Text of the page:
As someone with a strong background in the arts (visual art in addition to music), the latest edition of The Accretionary Wedge was particularly enjoyable to me. I had a great time reading all of the entries, and I was even more excited to see the numerous posts about geology in song lyrics that ensued. This, I figured, meant it was high time for me to start posting something I'd been thinking about doing for a while.
Last year, a friend and I went on a a road trip along the San Andreas Fault. (This was the trip that led to my accident, and also to the infamous LOLfaults.) In anticipation of such a trip, I figured we needed a playlist of relevant songs. The original list included only twelve songs, some of which were only related to earthquakes when put in context with the others (ie. "I Feel the Earth Move" and "Shake, Rattle, and Roll"), but some of which were directly relevant. The list was a great accompaniment for the trip, but with future trips in the works, the list needed to grow. A boring summer library job was all the time I needed to dig up more. At the present time, the playlist is 41 songs long, out of which about 30 are actually directly related to earthquakes, or mention them explicitly. My plan is to write a post featuring one of these songs each week, at least throughout the summer, if not longer.
The first song I want to feature is the first song I found in this whole project; if I hadn't found it, I might not have thought to build a playlist to begin with. When I mention to people that I have compiled a list of earthquake songs, I tend to get asked if this one is on there: Natalie Merchant's San Andreas Fault.
I get the impression that this is one of the most mainstream/popularly exposed songs on the list. I certainly didn't have to dig far for it. And it's even been quoted in a serious book about the 1906 San Francisco quake (Simon Winchester's A Crack in the Edge of the World) - not bad for a pop song!
"San Andreas Fault" is a song that seems subdued at first, but despite being quiet and predominantly-acoustic, the story within is devastating, to individuals and to whole regions. This is not a song with a snapshot narrative that doesn't go anywhere. It moves from complacence to conflict within a few minutes. I like this song. I like how the chord progression is different from the standard pop/rock I-IV-V-I. But I think the lyrics make this song - the imagery is very strong and poetic. Here are the lyrics.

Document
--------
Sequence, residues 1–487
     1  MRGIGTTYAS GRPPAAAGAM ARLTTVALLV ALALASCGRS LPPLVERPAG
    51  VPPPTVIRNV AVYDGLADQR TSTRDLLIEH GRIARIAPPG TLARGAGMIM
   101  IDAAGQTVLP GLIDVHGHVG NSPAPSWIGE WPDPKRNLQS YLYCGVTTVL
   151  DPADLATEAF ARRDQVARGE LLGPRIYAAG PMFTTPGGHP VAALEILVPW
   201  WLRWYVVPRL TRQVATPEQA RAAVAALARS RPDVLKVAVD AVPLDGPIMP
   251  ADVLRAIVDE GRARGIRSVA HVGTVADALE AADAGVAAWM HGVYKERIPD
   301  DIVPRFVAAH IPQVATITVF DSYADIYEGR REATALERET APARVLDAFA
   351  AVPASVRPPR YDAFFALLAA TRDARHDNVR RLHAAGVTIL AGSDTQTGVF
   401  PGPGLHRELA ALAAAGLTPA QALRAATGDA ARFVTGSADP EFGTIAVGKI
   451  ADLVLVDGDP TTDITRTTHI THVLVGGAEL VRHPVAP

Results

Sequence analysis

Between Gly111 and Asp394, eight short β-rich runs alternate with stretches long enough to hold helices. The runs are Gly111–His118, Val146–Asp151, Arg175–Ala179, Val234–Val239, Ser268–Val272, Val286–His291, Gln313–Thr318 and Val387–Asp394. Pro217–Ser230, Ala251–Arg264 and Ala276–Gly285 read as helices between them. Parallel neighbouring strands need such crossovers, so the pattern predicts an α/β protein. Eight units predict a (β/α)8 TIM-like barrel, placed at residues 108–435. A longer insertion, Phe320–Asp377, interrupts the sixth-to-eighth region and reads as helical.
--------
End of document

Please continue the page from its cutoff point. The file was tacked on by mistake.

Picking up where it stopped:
I particularly like the image of the Fault moving its fingers through the ground, and the juxtaposition of "promised land" and "wicked ground." (I admit, nerdily enough, to titling an earthquake-related piece of fiction that I wrote "The Wicked Ground," after the line from this song.) Those phrases say so much about California, I think, with the combination of natural beauty and natural danger that pervades the state. I also find the verses about the Fault and its natural force to be all the more poetic compared to the first two verses, discussing human beauty and ambition. Those pale against what nature can do. Indeed, nature has no regard for human goals and dreams.
"San Andreas Fault" is the first track on Merchant's first solo album, Tigerlily, which was released in late 1995. Most of the recording was done in the winter of 1994. This timeline pretty much indisputably pegs this song as being a Northridge song. Since so much music comes as a response to historical events, it makes far more sense that the song was a response to the quake rather than an unconscious anticipation; if it had been written prior to Northridge, chances are there'd be blurbs along the lines of, "OMG SONG PREDICTS QUAKE!" I haven't found anything to that extent. Plus, the imagery in the first part of the song is clearly a reference to LA, what with the discussion of dreams of physical beauty and aspirations to the silver screen.
But the Northridge earthquake was not caused by the San Andreas - Merchant has blamed the wrong fault. This misconception is all too common (I even saw it on Wikipedia at one point, and promptly corrected it), particularly in songs. This is not the only time it turns up on the Playlist. Scientifically, it's an important misconception to get rid of, since people living in Southern California needs to realize the earthquake threat is not confined to one single fault, but is spread over many and is therefore even harder to evaluate and predict. But I suppose it can be excused for songs - if the songs are any good - providing people don't consider those songs to be literal lessons rather than poetic ones.
Natalie Merchant page on Rhapsody. You can listen to the song here.